this void by applying the recently released state and district data to empirically explore the spatial evolution and distribution of the development of the microfinance sector in India through the example of SHGs. Mapping analysis is an excellent tool to visualize the spatial distribution and evolution of microfinanciarization in India, and with which to initiate debate.
More specifically, in order to examine the spatial distribution and variation of SHGs, picture maps for selected years are employed and plotted using Arc View GIS, which is linked with the main database for this study.
Following common practice (Nabard various years, Daley-Harris 2005), the number of households linked to one SHG is set at seventeen, corresponding to the average group-size. We use the total number of SHGs linked by formal agencies (commercial banks, regional rural banks and cooperatives) during each financial year. We also calculate the coefficient of variation, a measure of relative variation, to provide a view of the variation relative to the size of the data measurements.
With these data at hand, two yardsticks are employed in the analysis: the relative strength of households in SHGs measured by the ratio of households in SHGs to total state and district households; and, the pace of change in SHGs measured by the percentage change in the total number of SHGs over the given period.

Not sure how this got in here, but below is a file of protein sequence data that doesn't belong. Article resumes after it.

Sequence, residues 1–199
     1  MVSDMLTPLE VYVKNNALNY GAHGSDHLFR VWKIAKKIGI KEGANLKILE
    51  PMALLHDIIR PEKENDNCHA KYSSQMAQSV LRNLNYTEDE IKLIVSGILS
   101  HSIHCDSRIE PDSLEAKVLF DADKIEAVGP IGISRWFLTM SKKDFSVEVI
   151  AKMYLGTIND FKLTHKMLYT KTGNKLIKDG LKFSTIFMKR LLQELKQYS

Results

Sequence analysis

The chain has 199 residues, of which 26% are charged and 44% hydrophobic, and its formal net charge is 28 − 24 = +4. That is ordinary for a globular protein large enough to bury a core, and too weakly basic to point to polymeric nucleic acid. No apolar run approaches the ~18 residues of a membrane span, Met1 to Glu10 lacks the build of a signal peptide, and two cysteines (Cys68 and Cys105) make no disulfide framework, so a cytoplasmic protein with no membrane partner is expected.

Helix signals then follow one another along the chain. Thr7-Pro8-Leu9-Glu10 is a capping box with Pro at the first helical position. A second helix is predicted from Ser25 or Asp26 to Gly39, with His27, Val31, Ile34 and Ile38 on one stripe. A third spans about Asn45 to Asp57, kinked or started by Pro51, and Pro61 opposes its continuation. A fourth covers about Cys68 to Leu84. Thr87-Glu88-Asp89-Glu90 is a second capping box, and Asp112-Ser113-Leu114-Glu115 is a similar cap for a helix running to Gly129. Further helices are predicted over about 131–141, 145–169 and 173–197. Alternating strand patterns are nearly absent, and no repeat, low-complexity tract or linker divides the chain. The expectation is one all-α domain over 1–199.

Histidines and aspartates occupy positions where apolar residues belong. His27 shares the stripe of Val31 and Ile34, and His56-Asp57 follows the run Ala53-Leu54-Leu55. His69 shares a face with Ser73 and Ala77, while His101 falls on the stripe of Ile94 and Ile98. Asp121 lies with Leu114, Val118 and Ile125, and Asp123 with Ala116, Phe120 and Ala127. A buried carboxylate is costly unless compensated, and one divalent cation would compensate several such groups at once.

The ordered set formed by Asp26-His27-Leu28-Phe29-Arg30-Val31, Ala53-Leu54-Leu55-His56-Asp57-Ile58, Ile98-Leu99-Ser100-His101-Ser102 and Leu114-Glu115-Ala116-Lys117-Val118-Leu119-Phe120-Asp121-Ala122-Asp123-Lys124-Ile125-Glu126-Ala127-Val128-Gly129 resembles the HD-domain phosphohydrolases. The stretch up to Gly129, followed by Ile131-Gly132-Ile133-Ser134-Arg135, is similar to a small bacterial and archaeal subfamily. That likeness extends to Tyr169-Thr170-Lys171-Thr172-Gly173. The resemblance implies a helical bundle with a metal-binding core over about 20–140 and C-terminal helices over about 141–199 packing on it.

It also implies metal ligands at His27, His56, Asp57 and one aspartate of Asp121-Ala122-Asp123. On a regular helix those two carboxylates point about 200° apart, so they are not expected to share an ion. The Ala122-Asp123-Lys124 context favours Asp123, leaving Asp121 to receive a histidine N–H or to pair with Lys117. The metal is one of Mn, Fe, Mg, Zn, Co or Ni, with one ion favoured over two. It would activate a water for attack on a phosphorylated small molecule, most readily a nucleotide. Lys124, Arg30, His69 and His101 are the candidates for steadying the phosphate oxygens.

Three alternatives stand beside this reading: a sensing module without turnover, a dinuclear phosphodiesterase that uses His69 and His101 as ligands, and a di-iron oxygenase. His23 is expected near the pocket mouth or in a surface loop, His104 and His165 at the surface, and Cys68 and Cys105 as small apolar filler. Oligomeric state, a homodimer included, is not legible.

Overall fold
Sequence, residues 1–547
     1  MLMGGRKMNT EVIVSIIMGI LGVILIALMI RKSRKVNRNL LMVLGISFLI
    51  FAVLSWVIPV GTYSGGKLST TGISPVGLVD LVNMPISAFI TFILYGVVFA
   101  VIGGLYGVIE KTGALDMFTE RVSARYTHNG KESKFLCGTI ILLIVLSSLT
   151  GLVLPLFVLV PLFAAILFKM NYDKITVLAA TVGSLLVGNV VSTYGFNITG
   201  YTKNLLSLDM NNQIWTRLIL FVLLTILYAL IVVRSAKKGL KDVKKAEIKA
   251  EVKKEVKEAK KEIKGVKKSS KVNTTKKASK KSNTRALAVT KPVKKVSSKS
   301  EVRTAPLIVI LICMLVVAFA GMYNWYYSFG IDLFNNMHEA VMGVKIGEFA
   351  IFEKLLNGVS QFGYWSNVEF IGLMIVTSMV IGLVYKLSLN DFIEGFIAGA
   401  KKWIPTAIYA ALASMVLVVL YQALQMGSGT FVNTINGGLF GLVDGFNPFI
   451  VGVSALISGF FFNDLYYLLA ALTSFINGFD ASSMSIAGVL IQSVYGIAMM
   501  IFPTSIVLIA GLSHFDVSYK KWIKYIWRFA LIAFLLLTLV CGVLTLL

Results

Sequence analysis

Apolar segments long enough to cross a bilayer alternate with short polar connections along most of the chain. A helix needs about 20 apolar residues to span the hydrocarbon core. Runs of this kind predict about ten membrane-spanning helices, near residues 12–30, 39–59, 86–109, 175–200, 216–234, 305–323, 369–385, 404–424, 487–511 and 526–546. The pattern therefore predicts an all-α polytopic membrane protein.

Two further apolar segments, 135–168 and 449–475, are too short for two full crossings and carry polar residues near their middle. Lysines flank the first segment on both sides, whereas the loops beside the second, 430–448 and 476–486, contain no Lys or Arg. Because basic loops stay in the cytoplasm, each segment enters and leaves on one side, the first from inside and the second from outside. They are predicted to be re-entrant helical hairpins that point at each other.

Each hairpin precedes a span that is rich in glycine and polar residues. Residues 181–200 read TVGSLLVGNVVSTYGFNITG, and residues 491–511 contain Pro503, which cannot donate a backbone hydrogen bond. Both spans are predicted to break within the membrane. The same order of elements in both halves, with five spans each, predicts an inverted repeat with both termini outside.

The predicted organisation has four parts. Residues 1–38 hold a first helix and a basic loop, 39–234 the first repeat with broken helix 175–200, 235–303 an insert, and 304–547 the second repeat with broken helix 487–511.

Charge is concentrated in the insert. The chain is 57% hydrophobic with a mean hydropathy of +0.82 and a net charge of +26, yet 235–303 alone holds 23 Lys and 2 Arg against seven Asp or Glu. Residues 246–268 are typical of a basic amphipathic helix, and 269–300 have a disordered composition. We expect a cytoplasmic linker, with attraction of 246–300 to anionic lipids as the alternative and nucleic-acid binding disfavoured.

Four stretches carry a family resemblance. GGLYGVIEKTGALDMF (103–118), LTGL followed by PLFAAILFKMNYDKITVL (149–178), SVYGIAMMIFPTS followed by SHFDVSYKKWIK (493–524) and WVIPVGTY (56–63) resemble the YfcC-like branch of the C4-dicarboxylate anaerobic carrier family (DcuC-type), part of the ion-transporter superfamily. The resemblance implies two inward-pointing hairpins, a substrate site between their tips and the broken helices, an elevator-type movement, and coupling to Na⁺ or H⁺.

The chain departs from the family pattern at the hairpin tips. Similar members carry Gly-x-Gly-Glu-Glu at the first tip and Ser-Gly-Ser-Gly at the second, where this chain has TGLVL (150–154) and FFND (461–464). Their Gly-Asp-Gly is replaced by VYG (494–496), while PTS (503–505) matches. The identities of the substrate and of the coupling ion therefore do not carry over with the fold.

Relative Strength of the SHGs among States
The ratio of the number of SHG members to the total households of the states reveals a different, although continuing, pattern in regional variations as compared to the relative strength of the SHGs. In March 2001, there were less than ninety households participating in SHGs for every 1,000 of Andhra Pradesh’s households. In the states Sikkim, Assam and Punjab, however, there were six, five, and three households participating in SHGs for every 10,000 of the total households respectively. The irregular pattern continued in 2003 and 2005. Nevertheless, the relative strength of the SHGs slightly converged among states, as evidenced in the decline of the coefficient of variation from 1.99 in 2001 to 1.15 in 2006 - a spatial pattern that is confirmed by inspecting the related maps in Figure 1.